Self-Regulation and Regulatory Discretion: Why Firms May Be Reluctant to Signal Green

28 Pages Posted: 7 Nov 2014 Last revised: 25 Feb 2015

See all articles by Thomas P. Lyon

Thomas P. Lyon

University of Michigan, Stephen M. Ross School of Business

John W. Maxwell

Indiana University - Kelley School of Business - Department of Business Economics & Public Policy; Indiana University, Department of Economics; Richard Ivey School of Business

Date Written: February 20, 2015

Abstract

A large literature in strategy and management has focused on why firms self-regulate and "signal green." We show this decision becomes more complex when regulators have enforcement discretion, and both firms and regulators act strategically. We model the managerial decision whether to signal the firm's type through substantial self-regulation, or whether to stay in step with the rest of the industry through modest levels of self-regulation. Self-regulation is a double-edged sword: it can potentially preempt legislation, but it can also lead regulators to demand higher levels of compliance from greener firms if preemption fails. We show how self-regulatory decisions depend upon industry characteristics and political responsiveness to corporate environmental leadership.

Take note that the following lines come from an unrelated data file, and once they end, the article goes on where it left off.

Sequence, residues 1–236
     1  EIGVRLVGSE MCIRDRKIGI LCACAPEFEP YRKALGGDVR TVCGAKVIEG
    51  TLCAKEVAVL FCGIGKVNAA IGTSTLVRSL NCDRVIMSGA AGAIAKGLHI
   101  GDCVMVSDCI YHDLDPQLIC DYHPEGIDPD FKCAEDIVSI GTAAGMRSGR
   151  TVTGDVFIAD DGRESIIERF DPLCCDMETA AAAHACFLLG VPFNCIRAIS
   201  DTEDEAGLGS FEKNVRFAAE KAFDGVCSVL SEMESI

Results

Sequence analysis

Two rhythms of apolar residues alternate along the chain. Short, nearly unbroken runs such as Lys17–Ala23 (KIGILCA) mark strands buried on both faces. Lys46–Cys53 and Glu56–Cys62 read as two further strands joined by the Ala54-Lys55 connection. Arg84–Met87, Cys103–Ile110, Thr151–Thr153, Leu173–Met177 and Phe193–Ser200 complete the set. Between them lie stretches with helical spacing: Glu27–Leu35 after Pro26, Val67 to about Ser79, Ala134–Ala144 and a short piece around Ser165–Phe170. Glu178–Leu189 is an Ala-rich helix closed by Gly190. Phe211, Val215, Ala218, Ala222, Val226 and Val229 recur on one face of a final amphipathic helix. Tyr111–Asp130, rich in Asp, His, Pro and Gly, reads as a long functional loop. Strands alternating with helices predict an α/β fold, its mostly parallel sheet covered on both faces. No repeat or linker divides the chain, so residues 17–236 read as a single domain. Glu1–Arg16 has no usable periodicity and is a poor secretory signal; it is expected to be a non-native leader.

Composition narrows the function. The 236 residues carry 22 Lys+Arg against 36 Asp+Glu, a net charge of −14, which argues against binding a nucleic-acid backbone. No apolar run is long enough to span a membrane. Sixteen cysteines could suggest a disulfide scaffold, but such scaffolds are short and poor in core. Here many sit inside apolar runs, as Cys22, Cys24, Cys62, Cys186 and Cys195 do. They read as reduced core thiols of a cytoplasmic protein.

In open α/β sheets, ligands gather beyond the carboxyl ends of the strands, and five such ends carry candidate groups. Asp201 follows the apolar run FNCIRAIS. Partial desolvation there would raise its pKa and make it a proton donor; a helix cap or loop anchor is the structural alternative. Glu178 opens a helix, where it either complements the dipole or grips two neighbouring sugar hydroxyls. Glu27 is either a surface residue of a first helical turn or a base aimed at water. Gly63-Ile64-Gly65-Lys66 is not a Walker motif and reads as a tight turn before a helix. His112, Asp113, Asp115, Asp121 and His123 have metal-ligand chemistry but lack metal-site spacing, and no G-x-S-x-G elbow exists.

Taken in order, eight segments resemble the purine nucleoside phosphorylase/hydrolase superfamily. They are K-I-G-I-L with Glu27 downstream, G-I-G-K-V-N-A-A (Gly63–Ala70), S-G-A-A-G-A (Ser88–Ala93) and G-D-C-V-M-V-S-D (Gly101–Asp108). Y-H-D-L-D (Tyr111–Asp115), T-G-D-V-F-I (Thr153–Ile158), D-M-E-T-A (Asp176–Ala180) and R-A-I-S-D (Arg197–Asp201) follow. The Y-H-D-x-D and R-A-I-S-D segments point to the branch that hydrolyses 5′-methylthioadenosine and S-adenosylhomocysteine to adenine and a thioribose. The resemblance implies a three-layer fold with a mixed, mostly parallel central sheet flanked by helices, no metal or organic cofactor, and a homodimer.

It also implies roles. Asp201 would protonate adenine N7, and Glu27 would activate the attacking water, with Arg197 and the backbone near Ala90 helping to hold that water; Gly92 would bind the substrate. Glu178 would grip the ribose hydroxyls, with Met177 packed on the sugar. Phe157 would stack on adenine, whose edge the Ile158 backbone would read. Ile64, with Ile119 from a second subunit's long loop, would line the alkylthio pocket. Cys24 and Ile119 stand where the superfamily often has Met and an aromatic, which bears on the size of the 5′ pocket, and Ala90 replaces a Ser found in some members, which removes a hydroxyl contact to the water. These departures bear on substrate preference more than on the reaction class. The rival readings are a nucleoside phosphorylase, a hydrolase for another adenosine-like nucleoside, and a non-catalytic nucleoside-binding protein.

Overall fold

Keywords: self-regulation, signaling, regulatory discretion, regulatory flexibility

JEL Classification: C72, D62, D78, D82, K2, L51

Suggested Citation

Lyon, Thomas P. and Maxwell, John W., Self-Regulation and Regulatory Discretion: Why Firms May Be Reluctant to Signal Green (February 20, 2015). Ross School of Business Paper No. 1254, Available at SSRN: https://ssrn.com/abstract=2519569 or http://dx.doi.org/10.2139/ssrn.2519569

Thomas P. Lyon

University of Michigan, Stephen M. Ross School of Business ( email )

701 Tappan Street
Ann Arbor, MI MI 48109
United States
734-615-1639 (Phone)

John W. Maxwell (Contact Author)

Indiana University - Kelley School of Business - Department of Business Economics & Public Policy ( email )

Department of Business Economics and Public Policy
Kelley School of Business, Indiana University
Bloomington, IN 47405
United States
812-855 9219 (Phone)
812-855 3354 (Fax)

HOME PAGE: http://johnwmaxwell.com

Indiana University, Department of Economics ( email )

Wiley Hall
Bloomington, IN
United States

Richard Ivey School of Business ( email )

The University of Western Ontario
1151 Richmond Street North
London, Ontario N6A3K7
Canada
5198502439 (Phone)
5198502306 (Fax)

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